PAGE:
The first of these resolutions, as amended before a vote was taken, was in these words:
Resolved, That it is the opinion of this committee that a national Government ought to be established, consisting of a supreme legislative, executive, and judiciary.
This was followed by other resolutions—twenty-three in all, as adopted and reported by the committee—in which the word national occurred twenty-six times.
The day after the report of the committee was made, Ellsworth of Connecticut moved to strike out the words national Government in the resolution above quoted, and to insert the words Government of the United States, which he said was the proper title.
He wished also the plan to go forth as an amendment of the Articles of Confederation.
See Elliott's Debates, Vol.
V, p. 214. This reference is taken from The Republic of Republics, Part III, Chapter VII, p. 217. This learned, exhaustive, and admirable work, which contains a wealth of historical an
32, 33-34, 38, 39-40, 45, 58, 59, 177, 178. Nominated for president, 43, 44.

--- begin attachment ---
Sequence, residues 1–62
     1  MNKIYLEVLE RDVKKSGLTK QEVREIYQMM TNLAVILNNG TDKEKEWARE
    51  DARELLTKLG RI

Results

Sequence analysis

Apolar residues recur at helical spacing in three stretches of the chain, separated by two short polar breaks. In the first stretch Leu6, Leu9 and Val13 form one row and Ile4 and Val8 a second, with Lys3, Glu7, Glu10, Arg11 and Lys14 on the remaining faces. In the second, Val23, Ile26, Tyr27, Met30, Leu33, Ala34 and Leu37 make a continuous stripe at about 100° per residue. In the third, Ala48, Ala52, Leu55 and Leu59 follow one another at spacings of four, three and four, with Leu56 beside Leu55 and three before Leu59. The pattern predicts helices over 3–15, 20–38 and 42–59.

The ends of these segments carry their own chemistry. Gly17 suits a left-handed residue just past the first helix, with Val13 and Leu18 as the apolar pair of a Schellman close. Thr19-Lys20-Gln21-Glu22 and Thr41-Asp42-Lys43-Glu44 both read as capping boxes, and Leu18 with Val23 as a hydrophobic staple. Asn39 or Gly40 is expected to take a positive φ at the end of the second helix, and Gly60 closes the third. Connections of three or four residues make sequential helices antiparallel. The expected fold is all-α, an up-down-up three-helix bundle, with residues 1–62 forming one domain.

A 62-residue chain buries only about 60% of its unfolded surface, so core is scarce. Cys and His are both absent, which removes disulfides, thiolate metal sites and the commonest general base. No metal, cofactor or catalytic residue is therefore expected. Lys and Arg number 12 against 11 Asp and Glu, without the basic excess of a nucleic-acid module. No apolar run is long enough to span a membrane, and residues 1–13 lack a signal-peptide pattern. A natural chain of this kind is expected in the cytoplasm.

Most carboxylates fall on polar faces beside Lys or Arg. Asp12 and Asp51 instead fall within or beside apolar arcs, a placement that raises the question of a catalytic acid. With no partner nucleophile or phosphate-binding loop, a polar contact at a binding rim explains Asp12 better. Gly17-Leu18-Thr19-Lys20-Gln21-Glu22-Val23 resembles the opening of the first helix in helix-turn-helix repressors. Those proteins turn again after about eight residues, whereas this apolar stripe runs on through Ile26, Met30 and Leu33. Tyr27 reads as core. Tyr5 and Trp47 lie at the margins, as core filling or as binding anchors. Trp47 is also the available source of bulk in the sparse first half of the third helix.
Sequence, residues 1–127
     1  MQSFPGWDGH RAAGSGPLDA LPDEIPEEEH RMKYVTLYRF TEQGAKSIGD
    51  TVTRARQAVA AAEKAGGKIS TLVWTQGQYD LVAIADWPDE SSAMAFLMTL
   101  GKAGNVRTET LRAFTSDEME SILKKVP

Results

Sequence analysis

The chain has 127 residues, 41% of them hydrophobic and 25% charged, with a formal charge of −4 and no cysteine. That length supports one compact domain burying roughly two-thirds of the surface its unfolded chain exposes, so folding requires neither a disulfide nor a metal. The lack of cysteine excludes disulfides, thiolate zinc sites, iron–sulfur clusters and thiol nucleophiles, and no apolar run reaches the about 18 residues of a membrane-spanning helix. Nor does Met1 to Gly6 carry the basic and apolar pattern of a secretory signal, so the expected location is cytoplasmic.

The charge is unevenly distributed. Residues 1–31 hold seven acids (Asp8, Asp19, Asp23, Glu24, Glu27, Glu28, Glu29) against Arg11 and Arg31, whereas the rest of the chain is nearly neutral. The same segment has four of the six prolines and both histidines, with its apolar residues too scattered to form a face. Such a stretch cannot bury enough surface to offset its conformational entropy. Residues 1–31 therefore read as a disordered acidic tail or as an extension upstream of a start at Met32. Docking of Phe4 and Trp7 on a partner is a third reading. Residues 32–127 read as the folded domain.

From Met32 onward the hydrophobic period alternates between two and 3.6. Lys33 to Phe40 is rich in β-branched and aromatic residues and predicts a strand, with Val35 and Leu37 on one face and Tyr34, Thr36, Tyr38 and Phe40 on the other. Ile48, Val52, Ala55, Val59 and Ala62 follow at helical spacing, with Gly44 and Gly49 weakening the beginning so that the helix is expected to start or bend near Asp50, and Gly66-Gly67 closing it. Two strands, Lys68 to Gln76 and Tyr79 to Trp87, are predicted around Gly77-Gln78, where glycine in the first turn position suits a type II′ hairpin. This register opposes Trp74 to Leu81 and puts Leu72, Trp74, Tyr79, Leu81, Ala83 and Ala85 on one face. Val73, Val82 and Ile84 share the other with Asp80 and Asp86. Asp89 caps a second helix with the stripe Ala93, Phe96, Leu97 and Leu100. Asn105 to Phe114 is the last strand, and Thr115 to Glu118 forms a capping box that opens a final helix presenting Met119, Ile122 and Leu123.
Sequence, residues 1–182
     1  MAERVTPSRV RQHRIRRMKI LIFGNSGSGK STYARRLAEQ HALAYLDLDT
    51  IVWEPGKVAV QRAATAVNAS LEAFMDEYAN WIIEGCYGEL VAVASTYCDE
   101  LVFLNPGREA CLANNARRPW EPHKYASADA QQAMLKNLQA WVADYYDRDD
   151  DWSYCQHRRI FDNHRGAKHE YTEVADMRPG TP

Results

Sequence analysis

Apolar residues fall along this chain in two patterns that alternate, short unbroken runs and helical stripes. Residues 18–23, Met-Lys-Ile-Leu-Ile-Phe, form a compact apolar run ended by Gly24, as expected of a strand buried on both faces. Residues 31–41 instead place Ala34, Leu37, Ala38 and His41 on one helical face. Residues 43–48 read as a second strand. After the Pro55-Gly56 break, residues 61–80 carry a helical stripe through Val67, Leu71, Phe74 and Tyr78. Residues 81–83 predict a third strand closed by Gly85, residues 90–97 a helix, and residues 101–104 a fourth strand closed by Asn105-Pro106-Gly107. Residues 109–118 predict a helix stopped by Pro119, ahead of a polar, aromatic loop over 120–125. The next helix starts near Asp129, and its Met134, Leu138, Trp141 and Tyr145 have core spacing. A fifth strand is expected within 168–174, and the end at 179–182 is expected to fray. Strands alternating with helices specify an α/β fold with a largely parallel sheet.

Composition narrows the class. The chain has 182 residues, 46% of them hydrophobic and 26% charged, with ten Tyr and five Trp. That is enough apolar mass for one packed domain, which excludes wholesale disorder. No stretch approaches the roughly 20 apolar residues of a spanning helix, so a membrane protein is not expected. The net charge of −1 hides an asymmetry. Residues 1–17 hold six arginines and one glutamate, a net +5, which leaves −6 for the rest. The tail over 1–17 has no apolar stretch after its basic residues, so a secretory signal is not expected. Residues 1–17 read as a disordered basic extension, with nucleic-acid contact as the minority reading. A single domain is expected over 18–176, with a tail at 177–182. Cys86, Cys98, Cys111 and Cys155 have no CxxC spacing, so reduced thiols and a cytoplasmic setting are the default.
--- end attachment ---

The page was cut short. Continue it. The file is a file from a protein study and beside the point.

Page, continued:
Resolution regarding forts, 242-43, 250.
Drayton, —, 430.
Dred Scott case.
Decision of Supreme Court, 70-71.
Early, Gen. Jubal A., 305, 306, 330.
Extracts from narrative of Bull Run, 322-28.
Extracts on retreat from Centreville, 401.
Elgin, Col., Gustavus, 369.
Ellis, Gov. of North Carolina.
Reply to U. S. call for troops, 355.
Restoration of forts to U. S. government, 355.
Ellsworth, Oliver, 84, 123. Opposition to armed force against states, 150-51.
Elzy, General, 305,328.
Evans, Gen. N. S., 376, 377.
Everett, Edward, 44, 101, 108, 111, 112, 125, 145.
Extracts from address, July 4, 1861, 100-01, 110.
Ewell, General, 323.
Fairfax Court House. Conference between Davis and generals and correspondence thereon, 383-91.
Featherston, Colonel, 376.
Federal Constitution (See Constitution Federal).
Federal party (See Whig party).